To introduce droplet formation, we exchanged each Orb2 construct from HSU buffer into H buffer (10 mM HEPES, 0.03% v/v NaN3 and 0.05% v/v β-mercaptoethanol, pH 6.5). Immediately upon exchange, the solutions became visibly turbid (Fig. 2A). To further confirm that Orb2B, Orb2BΔRBD, and Orb2AΔRBD underwent droplet formation, we used differential interference contrast (DIC) and fluorescence microscopy of Oregon Green 488 labeled protein (Fig. 2B). Round protein droplets were visible for all constructs immediately after buffer exchange. We found these droplets to be predominantly in solution and did not observe any wetting of the glass slide in contrast to many other protein droplets. The average diameters of Orb2BΔRBD, Orb2AΔRBD, and Orb2B droplets were 1.3 ± 1.0 μm, 2.2 ± 1.1 μm, and 1.8 ± 1.4 μm, respectively (see Fig. S2). Morphological analysis (
) showed that the droplets had a high degree of roundness of 0.7–0.9. Besides H-buffer (i.e., low ionic strength), we found that both 10% PEG 8000 and polyA at a 1:10 RNA:protein m/m ratio were able to induce Orb2 droplet formation (see Fig. S3) when added to HSU buffer. Again, Orb2BΔRBD droplets are significantly smaller under these conditions.
Many protein droplets mature over time, undergoing a transition from a state in which proteins freely diffuse inside the droplet to a state with little to no protein diffusion (glass transition) (
). To characterize protein diffusion inside droplets, we measured FRAP. We bleached the center of Oregon Green 488 labeled Orb2 droplets using an argon laser and monitored the recovery by confocal microscopy for 5 min afterward. To our surprise, none of the Orb2 constructs showed any degree of recovery, even though FRAP experiments were performed within 1 min of droplet formation. These results indicate that Orb2 is static within droplets almost immediately after undergoing phase separation (Fig. 3). To further confirm these results, we did four consecutive 10 min FRAP experiments on the same cluster of Orb2B droplets. The first had still not recovered after the last experiment ended (Fig. S4).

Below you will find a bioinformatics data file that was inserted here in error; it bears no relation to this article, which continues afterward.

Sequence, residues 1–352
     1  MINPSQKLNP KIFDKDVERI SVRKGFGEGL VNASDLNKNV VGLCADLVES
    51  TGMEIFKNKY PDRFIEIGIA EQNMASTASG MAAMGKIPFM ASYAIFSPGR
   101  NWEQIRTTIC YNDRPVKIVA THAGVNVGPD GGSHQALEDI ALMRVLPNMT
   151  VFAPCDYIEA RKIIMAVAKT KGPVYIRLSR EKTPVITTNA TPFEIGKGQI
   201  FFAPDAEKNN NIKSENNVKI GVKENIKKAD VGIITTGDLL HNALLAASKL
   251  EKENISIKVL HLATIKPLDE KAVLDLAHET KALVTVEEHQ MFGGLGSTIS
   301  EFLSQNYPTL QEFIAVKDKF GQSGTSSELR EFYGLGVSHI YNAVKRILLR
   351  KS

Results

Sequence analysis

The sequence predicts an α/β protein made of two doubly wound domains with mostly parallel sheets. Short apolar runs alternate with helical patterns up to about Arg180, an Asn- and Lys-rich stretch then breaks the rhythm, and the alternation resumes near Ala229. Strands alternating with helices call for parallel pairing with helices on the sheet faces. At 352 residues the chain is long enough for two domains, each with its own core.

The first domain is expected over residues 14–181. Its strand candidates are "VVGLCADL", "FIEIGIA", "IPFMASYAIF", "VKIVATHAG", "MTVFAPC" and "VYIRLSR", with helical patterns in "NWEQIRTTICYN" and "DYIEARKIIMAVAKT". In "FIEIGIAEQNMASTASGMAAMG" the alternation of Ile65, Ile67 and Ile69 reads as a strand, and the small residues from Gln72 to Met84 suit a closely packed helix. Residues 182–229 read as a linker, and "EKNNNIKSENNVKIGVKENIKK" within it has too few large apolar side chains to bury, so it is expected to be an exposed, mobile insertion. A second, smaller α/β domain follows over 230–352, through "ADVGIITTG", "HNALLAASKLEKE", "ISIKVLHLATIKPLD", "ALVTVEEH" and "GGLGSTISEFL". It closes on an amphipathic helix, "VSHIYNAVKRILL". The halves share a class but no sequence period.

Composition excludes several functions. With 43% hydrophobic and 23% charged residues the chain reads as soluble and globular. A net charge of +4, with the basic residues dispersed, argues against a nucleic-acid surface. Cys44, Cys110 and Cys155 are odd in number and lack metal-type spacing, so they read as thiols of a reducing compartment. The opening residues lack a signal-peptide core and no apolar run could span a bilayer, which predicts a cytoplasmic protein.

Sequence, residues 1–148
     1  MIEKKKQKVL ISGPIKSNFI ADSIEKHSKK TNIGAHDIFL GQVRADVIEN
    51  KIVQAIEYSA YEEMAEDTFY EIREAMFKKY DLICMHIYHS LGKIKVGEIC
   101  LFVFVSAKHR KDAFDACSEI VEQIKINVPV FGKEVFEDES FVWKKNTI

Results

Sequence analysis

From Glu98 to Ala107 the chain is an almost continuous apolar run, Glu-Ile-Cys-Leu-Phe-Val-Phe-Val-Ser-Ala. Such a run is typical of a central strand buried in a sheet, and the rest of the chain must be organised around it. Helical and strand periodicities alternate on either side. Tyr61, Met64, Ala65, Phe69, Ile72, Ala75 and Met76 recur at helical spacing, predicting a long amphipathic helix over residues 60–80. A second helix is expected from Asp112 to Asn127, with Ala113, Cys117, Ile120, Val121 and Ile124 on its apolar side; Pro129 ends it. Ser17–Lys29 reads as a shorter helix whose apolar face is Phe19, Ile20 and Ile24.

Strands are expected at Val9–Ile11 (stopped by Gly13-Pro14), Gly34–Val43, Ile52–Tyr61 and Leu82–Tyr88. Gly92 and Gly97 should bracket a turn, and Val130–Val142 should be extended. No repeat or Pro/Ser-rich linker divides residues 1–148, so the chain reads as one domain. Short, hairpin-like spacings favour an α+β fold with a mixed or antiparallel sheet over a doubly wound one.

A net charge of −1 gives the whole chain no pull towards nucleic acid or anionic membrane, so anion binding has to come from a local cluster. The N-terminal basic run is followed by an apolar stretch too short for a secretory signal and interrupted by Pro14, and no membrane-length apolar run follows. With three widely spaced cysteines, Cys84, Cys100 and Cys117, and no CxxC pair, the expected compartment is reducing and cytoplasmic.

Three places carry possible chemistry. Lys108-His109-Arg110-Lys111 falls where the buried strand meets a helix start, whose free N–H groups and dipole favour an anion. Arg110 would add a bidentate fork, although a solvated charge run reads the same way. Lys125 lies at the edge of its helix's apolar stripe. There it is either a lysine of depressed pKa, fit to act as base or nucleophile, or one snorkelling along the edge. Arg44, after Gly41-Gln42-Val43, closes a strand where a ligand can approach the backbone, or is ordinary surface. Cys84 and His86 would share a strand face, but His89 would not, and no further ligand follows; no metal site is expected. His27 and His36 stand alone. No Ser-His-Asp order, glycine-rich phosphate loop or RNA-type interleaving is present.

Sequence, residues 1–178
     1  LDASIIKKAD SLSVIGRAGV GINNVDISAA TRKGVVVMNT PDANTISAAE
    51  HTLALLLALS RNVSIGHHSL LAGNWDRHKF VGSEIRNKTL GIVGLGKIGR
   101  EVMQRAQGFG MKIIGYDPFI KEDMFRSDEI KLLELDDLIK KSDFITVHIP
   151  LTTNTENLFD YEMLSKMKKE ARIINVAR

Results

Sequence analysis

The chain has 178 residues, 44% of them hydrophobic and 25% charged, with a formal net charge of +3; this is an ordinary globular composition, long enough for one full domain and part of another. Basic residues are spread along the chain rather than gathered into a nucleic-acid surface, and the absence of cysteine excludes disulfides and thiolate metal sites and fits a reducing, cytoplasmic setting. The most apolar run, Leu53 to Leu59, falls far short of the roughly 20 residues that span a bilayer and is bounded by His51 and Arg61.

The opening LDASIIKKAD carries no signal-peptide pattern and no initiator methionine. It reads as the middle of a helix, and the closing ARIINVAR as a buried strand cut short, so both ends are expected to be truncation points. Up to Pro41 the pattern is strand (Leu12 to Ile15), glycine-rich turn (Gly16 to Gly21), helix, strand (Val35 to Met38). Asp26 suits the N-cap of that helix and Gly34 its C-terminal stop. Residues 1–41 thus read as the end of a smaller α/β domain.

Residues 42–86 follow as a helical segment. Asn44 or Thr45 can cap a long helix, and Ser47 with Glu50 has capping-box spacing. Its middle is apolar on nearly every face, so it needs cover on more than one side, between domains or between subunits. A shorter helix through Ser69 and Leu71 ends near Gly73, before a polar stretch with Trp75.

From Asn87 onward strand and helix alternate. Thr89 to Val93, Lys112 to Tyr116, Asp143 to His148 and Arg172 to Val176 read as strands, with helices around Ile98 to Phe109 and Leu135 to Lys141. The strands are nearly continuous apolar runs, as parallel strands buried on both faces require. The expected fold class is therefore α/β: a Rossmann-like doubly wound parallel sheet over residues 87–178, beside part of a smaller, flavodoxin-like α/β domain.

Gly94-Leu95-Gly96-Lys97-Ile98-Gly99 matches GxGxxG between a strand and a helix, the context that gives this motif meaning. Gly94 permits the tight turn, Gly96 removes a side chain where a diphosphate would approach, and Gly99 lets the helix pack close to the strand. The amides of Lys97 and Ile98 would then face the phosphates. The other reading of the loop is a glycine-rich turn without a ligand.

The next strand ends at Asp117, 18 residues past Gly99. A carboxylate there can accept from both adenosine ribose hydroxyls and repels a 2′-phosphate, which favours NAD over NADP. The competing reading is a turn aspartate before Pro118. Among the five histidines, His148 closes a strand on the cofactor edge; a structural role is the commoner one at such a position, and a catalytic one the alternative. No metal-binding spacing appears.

In addition, we found several clusters of Orb2B droplets with overlap between individual droplet boundaries (Figs. 3 and S4). For many other proteins, this stage typically marks the beginning of a droplet fusion event. None of the droplets with overlapping boundaries completed the fusion process. These results support that Orb2B becomes static within droplets relatively quickly after phase separation. As a positive control, we used a N-terminally 6xHis and GFP-tagged FUS construct (His-GFP-FUS) for which we measured about 50% recovery in fluorescence after 22 s, similar to FRAP experiments on FUS droplet reported previously (
). To test how Orb2 droplets evolve and if they eventually result in cross-β fibrils, we monitored Orb2 droplets over time using fluorescence microscopy, electron microscopy (EM), and Thioflavin T (ThT) fluorescence. Fluorescence microscopy and EM images of Orb2BΔRBD, Orb2AΔRBD, and Orb2B in H buffer are shown in Figure 4. In the case of Orb2BΔRBD, the initial droplets formed halos at 12 h in our fluorescence images, which coincided with unbundled fibrils radiating out from a dark center as seen by EM. Similarly, Orb2AΔRBD droplets turned into small fibrils and droplets at 12 h. At 48 h, we observed large objects in fluorescence microscopy, which coincided with thick, bundled fibrils in our EM images. In contrast, Orb2B droplets never progressed to form fibrils, but formed larger objects that were composed of merged droplets similar to those shown in Figure 3.
We attributed the disappearance of Orb2BΔRBD and Orb2AΔRBD droplets over several hours to the maturation of these droplets into cross-β fibrils (Fig. 4). When examined using EM, Orb2BΔRBD fibrils were mostly unbundled, occasionally radiating out from a common center, presumably a droplet. In contrast, Orb2AΔRBD fibrils were highly bundled. As can be seen from Figure S5, both fibril types did not show any fine structure or twist at higher magnification and had an average diameter of about 18 nm.